Great companies are built on the backs of great products, and great products are built on the backs of customers. Great marketers know this, but not every salesperson does.
Selling well requires two skills: empathy and persistence. Customers don’t like salespeople for two reasons: salespeople don’t understand their problems, and in the words of Mike Troiano, AKA the godfather of brand, “they don’t fucking listen.”
According to Mike, the most important thing marketing does is enhance the productivity of sales. And there’s no better or more direct way to do that than to empower the sales team with the tools and context needed to solve a customer’s problems.
We’re both big fans of Simon Sinek, and his idea of “start with why” has, I think, always been fundamental to the way I approach marketing and communication. With a salesperson, what that’s about is giving them the tools to understand, okay, what are the challenges that our customers are dealing with? Then give them a set of discovery questions that enable them to surface those challenges. Help them to walk the customer through the negative consequences of those technical challenges, and paint a picture for them of positive business outcomes that would come from a better way. Once you’ve done that, then you can start to define, okay, what are the technical requirements required to realize that rosy picture?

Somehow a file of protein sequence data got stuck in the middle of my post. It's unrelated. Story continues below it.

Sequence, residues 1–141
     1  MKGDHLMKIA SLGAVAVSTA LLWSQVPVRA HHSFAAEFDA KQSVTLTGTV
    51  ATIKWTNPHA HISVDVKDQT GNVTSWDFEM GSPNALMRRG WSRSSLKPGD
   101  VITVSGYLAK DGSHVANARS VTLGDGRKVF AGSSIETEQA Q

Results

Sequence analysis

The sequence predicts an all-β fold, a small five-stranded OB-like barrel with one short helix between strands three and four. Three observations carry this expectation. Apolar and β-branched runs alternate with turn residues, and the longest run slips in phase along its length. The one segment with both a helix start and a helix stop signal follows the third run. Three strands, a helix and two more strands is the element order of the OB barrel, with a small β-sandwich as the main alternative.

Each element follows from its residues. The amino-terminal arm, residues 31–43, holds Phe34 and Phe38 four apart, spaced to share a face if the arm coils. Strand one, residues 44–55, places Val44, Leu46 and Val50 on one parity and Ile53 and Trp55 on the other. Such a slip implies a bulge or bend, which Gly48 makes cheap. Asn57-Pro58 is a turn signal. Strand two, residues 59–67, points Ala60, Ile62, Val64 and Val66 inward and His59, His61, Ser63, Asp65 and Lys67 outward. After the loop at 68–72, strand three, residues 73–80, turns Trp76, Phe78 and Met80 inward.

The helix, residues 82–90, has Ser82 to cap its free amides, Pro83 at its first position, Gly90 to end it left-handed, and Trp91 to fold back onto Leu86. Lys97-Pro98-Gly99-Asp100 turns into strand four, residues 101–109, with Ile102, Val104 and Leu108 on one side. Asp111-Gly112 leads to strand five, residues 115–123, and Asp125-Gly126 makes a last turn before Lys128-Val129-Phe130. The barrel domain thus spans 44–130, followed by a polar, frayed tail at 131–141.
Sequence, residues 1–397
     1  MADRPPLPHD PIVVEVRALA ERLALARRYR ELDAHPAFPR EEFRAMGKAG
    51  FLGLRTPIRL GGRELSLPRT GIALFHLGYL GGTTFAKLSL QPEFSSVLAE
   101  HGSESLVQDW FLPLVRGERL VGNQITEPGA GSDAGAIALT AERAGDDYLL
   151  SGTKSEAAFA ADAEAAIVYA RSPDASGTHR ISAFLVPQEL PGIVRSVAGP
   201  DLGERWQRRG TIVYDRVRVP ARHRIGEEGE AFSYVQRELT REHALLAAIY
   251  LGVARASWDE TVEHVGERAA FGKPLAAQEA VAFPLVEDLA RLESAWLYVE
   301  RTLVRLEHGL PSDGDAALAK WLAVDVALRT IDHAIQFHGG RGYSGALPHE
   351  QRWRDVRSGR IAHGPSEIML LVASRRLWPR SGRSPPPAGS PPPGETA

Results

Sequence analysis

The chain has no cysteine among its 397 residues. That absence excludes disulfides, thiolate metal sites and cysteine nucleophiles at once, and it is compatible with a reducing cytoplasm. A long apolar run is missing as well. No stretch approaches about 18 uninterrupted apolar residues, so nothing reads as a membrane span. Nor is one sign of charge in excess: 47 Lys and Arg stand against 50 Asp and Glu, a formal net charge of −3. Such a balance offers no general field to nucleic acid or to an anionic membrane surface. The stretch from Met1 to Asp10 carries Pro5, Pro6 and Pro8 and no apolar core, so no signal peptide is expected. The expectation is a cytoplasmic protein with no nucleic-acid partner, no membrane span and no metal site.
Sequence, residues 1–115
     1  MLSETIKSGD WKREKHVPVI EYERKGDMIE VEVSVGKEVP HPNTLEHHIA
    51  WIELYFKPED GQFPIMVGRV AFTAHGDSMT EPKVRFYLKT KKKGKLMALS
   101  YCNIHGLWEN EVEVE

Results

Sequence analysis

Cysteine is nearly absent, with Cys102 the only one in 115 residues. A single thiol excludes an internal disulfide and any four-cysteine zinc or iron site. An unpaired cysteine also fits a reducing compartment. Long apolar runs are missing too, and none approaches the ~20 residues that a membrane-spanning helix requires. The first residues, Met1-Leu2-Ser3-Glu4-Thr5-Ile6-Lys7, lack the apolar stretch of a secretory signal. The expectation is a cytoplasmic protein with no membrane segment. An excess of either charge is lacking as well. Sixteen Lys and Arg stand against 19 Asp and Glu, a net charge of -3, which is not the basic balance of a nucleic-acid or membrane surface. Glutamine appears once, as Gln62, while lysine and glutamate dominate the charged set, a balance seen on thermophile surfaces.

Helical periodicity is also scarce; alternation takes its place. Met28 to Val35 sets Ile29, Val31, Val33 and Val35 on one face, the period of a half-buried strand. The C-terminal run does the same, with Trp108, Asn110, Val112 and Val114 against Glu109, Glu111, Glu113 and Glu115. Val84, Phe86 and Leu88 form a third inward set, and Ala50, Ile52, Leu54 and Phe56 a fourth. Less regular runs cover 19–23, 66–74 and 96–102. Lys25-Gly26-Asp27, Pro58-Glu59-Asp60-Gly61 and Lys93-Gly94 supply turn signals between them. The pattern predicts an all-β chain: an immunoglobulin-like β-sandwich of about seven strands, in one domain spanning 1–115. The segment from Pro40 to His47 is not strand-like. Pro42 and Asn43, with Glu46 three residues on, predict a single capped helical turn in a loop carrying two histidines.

Mike shared one of his favorite quotes from French writer Antoine de Saint-Exupéry: “If you want to build a ship, don’t drum up people to collect wood and don’t assign them tasks and work, but rather teach them to long for the endless immensity of the sea.”
In other words, if you want to change someone’s behavior, you have to change how they feel, not just how they think.
There are few ways to be effective in business that don’t involve influencing the behavior of other people. Good marketers are students of human response. Same with great product people and salespeople. A product is a response to a customer need.